Throughout the history of art, artists and art theorists have approached an ideal of aesthetic harmony. In earlier centuries much art sought to create an ideal, of a lost paradise or a perfect landscape. From the seventeenth century, perfect happiness began to be found in modern life, particularly the well-ordered home. Contemporary art finds solace in chaotic structures and mixed media. Whether an imitation of nature or a celebration of artifice, the power of art for happiness and sustainability could lie in reacting to what one sees in the world, and working with the material towards this sense of harmony. Whether individual or collective, activist or rather autonomous. The question remains what should be the new emancipatory vision going forward. Is there still a way to disentangle ourselves from a global order that shapes our politics as well as our imagination?
Sustainability and art
The more collective notion of happiness, as an ideal and measure for the society plus its citizens, might give impulse towards an agenda of sustainability. When happiness is generated through social harmony, the fruits of the collective might produce better ways of living and caring for the environment. With movements such as deep ecology and dark ecology, thinkers like Donna Haraway emphasise ‘response-ability’ as a way going forward for humans as well as nonhumans*6. The inner and cultural dimensions of sustainability are a vital focus for us to be able to deal with change. Accordingly, the desire to make a difference in our interrelations is a prime breeding ground for artists. Sustainability might be defined through the materials used response-ably, or that the art encourages conversation and social awareness.
The programme is born out of a conviction that artists’ perspectives have an important role to play in the framing of international, national and institutional responses to threat and conflict. We believe that the capacity of the arts to effectively influence policy development has not been systematically explored, exploited or applied. The world is at a crossroads as humans have tapped natural resources of our world that by far exceeds the rate of nature’s ability to recover. The ecological crisis is overwhelmingly the result of human action, and at the same time, humans must find ways to sustain our species. Over the span of 2020, we presented artists/artist collectives in a virtual vitrine that brought us closer to the specific focus of diverse practices which we saw as crucial in addressing sustainability. The #sea_youhere virtual vitrine started as a showcase of artistic practices and developed into an open-ended research programme.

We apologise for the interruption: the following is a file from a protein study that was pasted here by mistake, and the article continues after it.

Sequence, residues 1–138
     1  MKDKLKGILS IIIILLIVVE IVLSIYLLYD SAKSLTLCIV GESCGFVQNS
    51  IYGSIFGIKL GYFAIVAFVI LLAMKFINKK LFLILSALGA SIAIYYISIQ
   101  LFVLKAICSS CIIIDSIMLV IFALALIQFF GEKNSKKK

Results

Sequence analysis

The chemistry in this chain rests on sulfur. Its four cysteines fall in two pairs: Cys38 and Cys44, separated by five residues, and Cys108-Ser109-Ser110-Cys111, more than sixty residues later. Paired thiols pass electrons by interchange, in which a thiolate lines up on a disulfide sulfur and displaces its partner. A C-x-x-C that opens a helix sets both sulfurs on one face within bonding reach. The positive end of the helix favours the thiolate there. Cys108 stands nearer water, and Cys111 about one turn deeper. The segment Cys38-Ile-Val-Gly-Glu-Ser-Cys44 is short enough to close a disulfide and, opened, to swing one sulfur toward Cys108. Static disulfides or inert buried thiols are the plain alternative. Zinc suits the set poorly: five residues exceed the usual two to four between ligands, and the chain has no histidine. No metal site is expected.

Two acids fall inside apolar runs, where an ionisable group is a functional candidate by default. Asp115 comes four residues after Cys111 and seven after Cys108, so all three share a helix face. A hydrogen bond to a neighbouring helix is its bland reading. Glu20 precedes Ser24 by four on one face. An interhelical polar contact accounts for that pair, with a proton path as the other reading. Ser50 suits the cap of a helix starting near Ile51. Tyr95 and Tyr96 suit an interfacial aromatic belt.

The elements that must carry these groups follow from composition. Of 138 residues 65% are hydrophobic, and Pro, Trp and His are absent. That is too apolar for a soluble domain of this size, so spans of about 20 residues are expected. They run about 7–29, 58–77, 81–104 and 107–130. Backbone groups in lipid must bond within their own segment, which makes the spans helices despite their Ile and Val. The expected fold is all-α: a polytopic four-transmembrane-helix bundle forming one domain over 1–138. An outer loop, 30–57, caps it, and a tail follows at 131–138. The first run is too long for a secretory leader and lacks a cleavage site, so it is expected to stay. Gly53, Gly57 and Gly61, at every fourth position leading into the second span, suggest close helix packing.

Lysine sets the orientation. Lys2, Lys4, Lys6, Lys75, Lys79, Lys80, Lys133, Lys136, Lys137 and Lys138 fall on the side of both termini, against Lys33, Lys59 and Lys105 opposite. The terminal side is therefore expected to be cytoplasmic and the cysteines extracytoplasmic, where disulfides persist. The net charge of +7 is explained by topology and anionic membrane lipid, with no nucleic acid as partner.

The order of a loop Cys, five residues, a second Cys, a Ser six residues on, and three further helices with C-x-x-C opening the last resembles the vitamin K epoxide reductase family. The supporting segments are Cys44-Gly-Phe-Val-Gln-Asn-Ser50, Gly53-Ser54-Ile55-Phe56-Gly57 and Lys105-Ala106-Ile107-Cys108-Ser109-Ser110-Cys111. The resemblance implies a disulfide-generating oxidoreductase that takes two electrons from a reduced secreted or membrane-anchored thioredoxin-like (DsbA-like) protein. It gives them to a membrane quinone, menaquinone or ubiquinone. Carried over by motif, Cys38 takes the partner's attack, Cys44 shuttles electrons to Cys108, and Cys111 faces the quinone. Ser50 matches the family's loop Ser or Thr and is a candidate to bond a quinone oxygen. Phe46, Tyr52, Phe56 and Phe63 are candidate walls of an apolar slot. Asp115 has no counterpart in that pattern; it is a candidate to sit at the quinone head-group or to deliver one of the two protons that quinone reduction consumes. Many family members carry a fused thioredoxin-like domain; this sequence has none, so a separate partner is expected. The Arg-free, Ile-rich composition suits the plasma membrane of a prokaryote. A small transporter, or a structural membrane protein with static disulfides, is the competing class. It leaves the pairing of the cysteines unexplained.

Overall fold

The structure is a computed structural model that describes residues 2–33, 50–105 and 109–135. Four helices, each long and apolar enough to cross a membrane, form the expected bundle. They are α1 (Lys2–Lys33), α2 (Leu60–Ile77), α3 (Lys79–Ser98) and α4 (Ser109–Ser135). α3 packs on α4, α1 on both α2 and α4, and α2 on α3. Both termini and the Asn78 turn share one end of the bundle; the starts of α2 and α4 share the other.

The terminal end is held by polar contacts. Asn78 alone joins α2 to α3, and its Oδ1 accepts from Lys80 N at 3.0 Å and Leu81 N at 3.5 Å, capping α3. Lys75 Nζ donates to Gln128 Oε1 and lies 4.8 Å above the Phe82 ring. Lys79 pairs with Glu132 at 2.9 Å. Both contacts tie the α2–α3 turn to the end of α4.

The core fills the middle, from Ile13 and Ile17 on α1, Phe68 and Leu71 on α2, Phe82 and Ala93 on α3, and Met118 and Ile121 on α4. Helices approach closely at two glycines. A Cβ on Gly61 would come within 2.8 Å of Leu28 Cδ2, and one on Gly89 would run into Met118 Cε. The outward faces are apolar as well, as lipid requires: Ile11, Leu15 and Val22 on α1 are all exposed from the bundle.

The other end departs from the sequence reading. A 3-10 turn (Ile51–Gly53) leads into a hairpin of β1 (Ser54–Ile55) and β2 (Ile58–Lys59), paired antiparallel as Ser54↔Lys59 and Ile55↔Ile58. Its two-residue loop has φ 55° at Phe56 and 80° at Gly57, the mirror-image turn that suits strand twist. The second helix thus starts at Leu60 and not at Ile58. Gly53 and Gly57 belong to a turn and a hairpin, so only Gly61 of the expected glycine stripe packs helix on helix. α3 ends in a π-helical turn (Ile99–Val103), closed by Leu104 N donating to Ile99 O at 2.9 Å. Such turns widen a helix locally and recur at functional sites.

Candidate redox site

The ambassador for fold #03 on Happiness is Ivetta Sunyoung Kang. She is an interdisciplinary artist. Her artistic practice encompasses archive, video installation, text, performative work and participation. Her interest is directed towards unsettling language(s) linked to therapeutic approaches on how or where a new language can be found or created. She leans into personal stories and non-binary psychological on groups of multi/mixed cultures she alleviates and builds on human emotional struggles. In addition triggering questions on what an imaginative way of contemporary living would?
*1: The rankings in Figure 2.1 of World Happiness Report 2021 use data that come from the Gallup World Poll surveys from 2018 to 2020.
*2: Our Happy Life: Architecture and Well-Being in the Age of Emotional Capitalism, edited by Francesco Garutti, Sternberg Press Montréal, 2019.
*3: ‘The Work of Art and the Promise of Happiness in Adorno’, by James Gordon Finlayson, European Journal of Philosophy 23 (3), 2015.
*4: Researcher at the London School of Economics George MacKerron set up the Mappiness Project in 2010. Through continuous surveys via an iPhone app, 1,500 people were asked to rate their mood after various activities, according to a system of points relative to intensity of happiness.
*5: In a 2011 study, researchers at University College London conducted a series of brain-mapping experiments, led by neurobiologist and Professor Semir Zeki. Volunteers underwent brain scanning whilst viewing 28 pieces of art, among which by Boticelli, Turner and Cézanne.
*6: When Species Meet, by Donna Haraway, University of Minnesota Press, 2008.
World Happiness report. Accessed January 15 2022
Art and Happiness: New research indicates 4 out of 6 happiest activities are arts-related, Arts Journal. Accessed January 28 2022
Semir Zeki: Beauty is in the brain of the beholder, EarthSky. Accessed January 28 2022
For all suggested reading resources please visit the Happiness reading list.